In Los Angeles, the city said that the break-even point for small cell facilities is $800 per installation. But in exchange for amenities such as free Wi-Fi in Skid Row and at recreation centers, $400,000 of scholarship money, and launching an innovation center in the city, L.A. is charging Verizon just $175 per device per year for 10 years for up to 1,000 installations, plus the cost of electricity.
Jeanne Holm, L.A.'s deputy chief information officer, said the city cut a good deal: "Verizon brought a bunch of stuff to the table which, in my opinion, is well worth that offset, and our financial analysts have also agreed."
The details of the city's deal with Verizon are currently in front of the City Council for approval, as are preliminary plans for a mobile 5G deal with AT&T.
Although the city's fee for Verizon is below the maximum set by the FCC, the new rules could give the carrier a chance to renegotiate on terms it considers more favorable.
Jonathan LeCompte, president of Verizon's Pacific market, said he couldn't speak on the specifics of the Los Angeles deal without the financials in front of him, but said "if it's a little bigger delta between the numbers, there might be a different plan of attack."
In a letter to the FCC, Mayor Eric Garcetti urged the commission to rewrite the ruling before its adoption, arguing that the decision would "insert confusion into the market, and sow mistrust between my technology team and the carriers with whom we have already reached agreements."
The L.A. city attorney's office did not respond to requests for comment.
Small cell 5G technology relies on higher-frequency radio waves than current wireless services to deliver faster speeds—but at shorter ranges. Those higher-frequency signals, which measure in millimeters, can be obstructed by objects of a similar size, such as leaves and raindrops.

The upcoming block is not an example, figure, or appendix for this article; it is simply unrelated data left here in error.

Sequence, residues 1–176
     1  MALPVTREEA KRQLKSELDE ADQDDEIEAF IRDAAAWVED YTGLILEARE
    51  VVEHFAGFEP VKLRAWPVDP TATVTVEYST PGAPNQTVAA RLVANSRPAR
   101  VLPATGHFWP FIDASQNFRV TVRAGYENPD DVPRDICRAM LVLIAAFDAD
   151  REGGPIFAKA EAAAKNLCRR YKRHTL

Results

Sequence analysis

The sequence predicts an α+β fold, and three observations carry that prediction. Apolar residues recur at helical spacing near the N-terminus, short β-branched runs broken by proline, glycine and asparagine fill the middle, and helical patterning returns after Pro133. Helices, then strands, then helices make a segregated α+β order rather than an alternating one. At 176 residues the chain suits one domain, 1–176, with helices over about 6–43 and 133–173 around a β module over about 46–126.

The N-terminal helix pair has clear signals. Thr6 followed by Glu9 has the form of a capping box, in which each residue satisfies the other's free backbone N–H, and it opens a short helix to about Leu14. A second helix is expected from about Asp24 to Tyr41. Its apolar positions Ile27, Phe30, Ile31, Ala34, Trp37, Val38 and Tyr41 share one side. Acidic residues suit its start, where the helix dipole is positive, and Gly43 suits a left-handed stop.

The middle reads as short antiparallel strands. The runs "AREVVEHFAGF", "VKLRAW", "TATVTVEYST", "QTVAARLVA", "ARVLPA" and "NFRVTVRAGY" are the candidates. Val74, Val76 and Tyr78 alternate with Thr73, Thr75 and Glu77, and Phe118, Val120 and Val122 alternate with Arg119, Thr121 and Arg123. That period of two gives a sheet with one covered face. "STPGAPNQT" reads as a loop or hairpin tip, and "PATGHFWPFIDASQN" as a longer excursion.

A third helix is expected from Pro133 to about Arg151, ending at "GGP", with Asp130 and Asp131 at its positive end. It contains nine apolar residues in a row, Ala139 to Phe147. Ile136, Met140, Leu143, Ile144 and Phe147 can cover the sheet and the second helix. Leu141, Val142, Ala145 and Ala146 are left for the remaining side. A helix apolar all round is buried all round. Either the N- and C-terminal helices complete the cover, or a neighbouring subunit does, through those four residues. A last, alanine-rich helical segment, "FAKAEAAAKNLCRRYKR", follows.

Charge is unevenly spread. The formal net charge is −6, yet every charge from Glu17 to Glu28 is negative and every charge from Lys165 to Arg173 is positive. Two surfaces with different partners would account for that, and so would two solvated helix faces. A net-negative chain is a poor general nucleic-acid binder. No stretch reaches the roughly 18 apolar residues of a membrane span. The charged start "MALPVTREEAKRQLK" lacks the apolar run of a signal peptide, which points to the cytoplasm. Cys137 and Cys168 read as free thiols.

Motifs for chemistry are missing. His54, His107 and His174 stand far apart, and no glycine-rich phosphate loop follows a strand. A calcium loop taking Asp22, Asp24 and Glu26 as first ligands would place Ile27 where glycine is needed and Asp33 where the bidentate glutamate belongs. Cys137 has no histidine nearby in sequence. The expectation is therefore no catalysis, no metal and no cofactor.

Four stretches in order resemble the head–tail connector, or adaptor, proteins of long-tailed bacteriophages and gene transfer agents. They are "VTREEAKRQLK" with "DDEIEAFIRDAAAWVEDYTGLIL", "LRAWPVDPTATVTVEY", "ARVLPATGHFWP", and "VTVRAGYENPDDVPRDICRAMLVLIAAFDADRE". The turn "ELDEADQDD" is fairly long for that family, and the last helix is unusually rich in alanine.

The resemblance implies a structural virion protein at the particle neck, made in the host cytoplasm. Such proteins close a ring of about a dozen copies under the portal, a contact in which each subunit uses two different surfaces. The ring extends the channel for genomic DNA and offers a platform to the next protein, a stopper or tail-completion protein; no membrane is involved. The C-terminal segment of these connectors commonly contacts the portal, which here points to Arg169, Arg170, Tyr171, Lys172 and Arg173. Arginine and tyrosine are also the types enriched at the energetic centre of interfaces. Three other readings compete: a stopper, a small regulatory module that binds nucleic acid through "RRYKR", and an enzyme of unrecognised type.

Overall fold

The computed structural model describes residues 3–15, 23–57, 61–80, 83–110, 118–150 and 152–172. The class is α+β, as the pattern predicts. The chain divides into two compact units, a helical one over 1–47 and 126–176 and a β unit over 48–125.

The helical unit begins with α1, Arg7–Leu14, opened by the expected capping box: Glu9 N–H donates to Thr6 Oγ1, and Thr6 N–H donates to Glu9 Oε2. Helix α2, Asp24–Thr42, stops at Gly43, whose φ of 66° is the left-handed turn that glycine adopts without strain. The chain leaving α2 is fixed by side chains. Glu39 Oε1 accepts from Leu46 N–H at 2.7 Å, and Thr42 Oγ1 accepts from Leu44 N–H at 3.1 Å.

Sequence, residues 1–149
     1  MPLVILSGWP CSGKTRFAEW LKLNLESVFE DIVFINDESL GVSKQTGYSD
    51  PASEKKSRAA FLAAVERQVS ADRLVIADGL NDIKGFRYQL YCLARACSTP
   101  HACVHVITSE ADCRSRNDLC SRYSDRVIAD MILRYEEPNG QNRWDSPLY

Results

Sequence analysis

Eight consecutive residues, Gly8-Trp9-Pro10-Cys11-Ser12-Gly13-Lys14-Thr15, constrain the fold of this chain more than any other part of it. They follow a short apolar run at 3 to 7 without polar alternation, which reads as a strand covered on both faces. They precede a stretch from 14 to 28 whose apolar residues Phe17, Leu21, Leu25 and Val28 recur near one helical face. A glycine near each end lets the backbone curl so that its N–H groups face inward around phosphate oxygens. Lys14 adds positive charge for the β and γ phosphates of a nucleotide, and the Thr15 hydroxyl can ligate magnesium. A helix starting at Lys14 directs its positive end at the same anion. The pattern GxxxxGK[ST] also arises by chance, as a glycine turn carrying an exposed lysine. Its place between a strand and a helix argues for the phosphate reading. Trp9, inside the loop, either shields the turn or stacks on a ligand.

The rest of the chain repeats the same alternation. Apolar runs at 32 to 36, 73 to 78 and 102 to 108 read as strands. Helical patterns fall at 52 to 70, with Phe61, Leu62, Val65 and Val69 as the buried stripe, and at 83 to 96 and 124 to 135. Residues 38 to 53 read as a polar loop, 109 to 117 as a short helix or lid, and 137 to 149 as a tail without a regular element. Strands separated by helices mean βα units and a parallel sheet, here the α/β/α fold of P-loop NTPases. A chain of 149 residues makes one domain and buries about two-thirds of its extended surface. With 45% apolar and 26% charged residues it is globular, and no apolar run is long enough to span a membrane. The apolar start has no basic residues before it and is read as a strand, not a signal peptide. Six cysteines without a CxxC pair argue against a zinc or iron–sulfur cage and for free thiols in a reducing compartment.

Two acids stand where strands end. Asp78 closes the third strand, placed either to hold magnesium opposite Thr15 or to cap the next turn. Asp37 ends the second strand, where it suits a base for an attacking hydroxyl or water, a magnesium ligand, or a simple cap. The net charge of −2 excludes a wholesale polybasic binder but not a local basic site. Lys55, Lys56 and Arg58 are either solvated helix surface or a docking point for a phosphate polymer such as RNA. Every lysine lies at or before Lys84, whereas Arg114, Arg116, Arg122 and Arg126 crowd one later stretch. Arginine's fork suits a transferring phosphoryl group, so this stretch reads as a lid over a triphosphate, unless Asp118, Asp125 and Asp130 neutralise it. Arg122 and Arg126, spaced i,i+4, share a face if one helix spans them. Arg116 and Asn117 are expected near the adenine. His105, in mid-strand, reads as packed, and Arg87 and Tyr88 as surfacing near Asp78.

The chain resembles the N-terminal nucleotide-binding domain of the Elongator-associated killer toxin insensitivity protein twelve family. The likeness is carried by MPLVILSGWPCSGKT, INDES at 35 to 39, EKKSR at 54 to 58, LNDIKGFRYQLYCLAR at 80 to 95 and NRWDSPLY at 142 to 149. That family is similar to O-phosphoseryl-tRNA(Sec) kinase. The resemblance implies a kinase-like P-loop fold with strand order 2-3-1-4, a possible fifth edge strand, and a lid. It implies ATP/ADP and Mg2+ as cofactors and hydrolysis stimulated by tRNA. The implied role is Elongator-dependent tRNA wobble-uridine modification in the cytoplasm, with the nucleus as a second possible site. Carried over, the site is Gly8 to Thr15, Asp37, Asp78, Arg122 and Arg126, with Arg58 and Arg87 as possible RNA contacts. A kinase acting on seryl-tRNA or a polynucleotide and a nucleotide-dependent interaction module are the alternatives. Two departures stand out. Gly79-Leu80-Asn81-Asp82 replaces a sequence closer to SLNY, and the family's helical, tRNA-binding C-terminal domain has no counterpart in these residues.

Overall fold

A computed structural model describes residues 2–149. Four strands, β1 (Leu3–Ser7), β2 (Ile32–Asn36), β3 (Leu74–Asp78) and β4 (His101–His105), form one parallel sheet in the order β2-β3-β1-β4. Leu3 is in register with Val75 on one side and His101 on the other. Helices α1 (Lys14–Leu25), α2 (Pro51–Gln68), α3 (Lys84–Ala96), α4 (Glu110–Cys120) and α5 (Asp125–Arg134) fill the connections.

Twenty U.S. states have enacted legislation that streamlines regulation on 5G small cell installation, and a California bill that would have reduced local power to block new installations was vetoed by Gov. Jerry Brown late last year.
The FCC says the new rule will save money for telecommunications companies, which will redirect those funds to deploy 5G service to less-connected rural areas.
Industry experts dispute this hypothesis—and leading telecoms say rural areas are not their first priority for 5G service.
"No one believes that's going to happen," said Levin, the former FCC official. "Inside the Beltway, they say if they save them a buck in New York they'll go deploy in Montana. That's not just dumb, that's a special kind of stupid."
The FCC did not respond to a Times request for comment.
Scott Mair, AT&T's president of operations, said "small cell technology will start initially for mobile networks in dense urban areas and suburban areas."
"Rural America will have 5G over time," he said.
LeCompte, of Verizon, said that rural markets are not a part of the company's initial rollout plan, but added that "obviously, we need to care for those."
LeCompte praised the permitting process in Los Angeles and Sacramento, but said "in general the permitting process and the flow of paperwork is a long pole in the tent on deploying 5G."
The deal between Verizon and Los Angeles has allowed the city to focus on infrastructure in underserved neighborhoods with low broadband access.
"For the initial rollout, we agreed that the downtown area made a lot of sense—partly because we knew the convention center would be an early hub, and wanted to reach out to areas like Pico-Union and others that are underserved around USC," Holm said.
She estimated that it would take 8,000 to 10,000 small cells to fully cover the city.